Sunday, January 29, 2012

Dr. Housing Bubble — Get ready for the next stage of the bailouts

The Federal Reserve recently came out with an unprecedented analysis directed to the Committee on Financial Services regarding various methods to improving the housing market.  The paper is striking because it magnifies how little was learned from this banking and housing debacle.  One of the big recommendations centers on creating a “REO to rental” program by facilitating bulk sales to large investors.  Ironically the Federal Reserve by bailing out select banks has allowed home values to remain inflated thus causing this backup in inventory to emerge in the first place.  Setting that obvious point aside, let us examine the merits of an REO to rental program.
Read it at Dr. Housing Bubble
REO-to-rentals another Fed subsidy for big investors and select banks. Federal Reserve looking to engineer yet another bailout for key banking allies. Fed acknowledges 12,000,000 homes with negative equity.
by Dr. Housing Bubble


Matt Franko said...


One thing I watch is new construction prices, for the sq. ft of the house construction itself (lot costs being somewhat subjective). If houses cost for instance $100 psf to build, then that is what what an existing house should sell for, cet par. 2,000 sq ft house should sell for over $200,000 at that construction cost.

Building materials have come down quite a bit from the highs in 2008. And hence so have house prices.

I look at this as the energy costs taken out as a result of Nat Gas collapsing to a recent $3.

So lumber is down, drywall, concrete is only down marginally. Gas is used in manufacturing process for building materials.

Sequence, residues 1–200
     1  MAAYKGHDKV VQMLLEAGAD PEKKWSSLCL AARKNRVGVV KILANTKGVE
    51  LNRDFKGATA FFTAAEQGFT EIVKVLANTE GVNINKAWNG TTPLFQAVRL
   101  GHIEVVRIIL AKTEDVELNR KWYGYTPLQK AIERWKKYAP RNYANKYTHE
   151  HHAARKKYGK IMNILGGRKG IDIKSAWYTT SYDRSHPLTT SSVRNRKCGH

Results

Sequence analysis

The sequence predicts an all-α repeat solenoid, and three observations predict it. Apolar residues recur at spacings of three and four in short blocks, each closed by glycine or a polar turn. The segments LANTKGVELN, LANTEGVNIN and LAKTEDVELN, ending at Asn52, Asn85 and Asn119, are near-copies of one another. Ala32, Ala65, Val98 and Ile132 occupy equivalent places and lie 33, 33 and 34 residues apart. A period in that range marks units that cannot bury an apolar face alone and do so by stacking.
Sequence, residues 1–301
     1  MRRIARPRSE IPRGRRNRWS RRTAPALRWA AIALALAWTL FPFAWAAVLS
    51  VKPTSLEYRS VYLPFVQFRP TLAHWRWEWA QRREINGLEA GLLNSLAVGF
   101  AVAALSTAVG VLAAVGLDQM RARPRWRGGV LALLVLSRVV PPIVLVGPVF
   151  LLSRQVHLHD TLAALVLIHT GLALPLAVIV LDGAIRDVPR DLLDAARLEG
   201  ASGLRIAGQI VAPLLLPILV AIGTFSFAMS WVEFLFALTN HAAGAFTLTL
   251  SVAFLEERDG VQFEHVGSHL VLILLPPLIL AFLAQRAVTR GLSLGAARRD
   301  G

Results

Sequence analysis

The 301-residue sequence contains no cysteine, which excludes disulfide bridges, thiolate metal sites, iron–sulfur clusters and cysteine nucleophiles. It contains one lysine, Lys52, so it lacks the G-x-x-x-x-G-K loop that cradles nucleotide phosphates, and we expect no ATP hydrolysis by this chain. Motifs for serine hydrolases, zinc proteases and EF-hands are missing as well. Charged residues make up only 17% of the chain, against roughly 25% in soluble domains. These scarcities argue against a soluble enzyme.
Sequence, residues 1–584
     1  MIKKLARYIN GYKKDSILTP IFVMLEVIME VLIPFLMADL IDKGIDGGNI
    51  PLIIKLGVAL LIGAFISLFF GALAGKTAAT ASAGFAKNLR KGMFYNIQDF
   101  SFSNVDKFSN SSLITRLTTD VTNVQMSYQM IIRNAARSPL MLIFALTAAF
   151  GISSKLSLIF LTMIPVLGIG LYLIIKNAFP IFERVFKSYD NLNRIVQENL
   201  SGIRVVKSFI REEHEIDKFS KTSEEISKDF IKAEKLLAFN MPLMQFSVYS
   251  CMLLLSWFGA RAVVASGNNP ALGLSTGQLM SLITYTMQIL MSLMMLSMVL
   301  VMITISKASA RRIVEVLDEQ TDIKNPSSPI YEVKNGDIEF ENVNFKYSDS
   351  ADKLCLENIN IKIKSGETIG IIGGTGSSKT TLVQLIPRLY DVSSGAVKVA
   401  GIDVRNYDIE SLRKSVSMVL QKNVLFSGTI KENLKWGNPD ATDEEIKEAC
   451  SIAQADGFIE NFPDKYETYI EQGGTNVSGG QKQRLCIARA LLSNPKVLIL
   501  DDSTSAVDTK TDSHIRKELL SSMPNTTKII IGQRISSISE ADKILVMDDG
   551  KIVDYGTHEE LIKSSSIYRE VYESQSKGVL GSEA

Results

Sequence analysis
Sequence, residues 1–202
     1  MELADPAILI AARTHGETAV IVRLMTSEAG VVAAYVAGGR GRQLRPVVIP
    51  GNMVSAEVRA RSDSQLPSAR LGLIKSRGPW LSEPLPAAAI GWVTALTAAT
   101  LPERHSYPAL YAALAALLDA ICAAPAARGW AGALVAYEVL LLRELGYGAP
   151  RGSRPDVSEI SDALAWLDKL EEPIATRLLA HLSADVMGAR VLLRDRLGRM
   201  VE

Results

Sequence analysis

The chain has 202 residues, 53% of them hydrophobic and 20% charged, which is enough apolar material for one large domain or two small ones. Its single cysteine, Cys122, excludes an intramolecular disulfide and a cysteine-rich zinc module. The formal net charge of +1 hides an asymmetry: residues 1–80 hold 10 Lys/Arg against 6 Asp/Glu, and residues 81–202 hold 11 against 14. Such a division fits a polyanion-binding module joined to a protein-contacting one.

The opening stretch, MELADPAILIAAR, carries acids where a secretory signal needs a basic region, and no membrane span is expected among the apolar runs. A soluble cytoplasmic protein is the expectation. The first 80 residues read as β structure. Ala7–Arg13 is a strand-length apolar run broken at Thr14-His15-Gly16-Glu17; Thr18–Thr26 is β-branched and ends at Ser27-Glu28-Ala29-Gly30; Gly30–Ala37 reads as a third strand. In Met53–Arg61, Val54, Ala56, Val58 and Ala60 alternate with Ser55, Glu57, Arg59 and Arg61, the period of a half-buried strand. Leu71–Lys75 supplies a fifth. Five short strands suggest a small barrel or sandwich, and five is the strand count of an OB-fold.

The house prices will go down again imo when petroleum finally collapses, tho this looks quite a bit off yet.

There are still a lot of embedded costs in house construction due to the high petro prices. Diesel this weekend was $4.09 at my local station (ouch!).

So there are still a lot of this high diesel costs in the energy to build the house. Harvesting the lumber, transporting the lumber, delivering the lumber, extracting gypsum, delivering the drywall, extracting the cement and aggregates, delivering the concrete, getting contractors to the job site, etc...

Then the diesel is in the coal extraction and transportation to generate electricity, this goes on and on.

So for me, unless there is a forced liquidation, house prices may hold pending an eventual petroleum price collapse.

Non-Saudi production has to increase to the point where they lose control this may take several Mbpd prod increase outside of OPEC/Saudi from this point but US production is increasing and some non-OPEC.

It's a wait and see. This Federal liquidation of existing inventory though just looks like another typical giant gift to certain insiders probably in hedge funds and private equity...


Matt Franko said...

But I would add that if they (hedgies and PE firms) pay these prices here, even if they rent them out for a while , if petro collapses and the insiders are still carrying them, they will get wiped out just like they got wiped out shorting USTs this past year...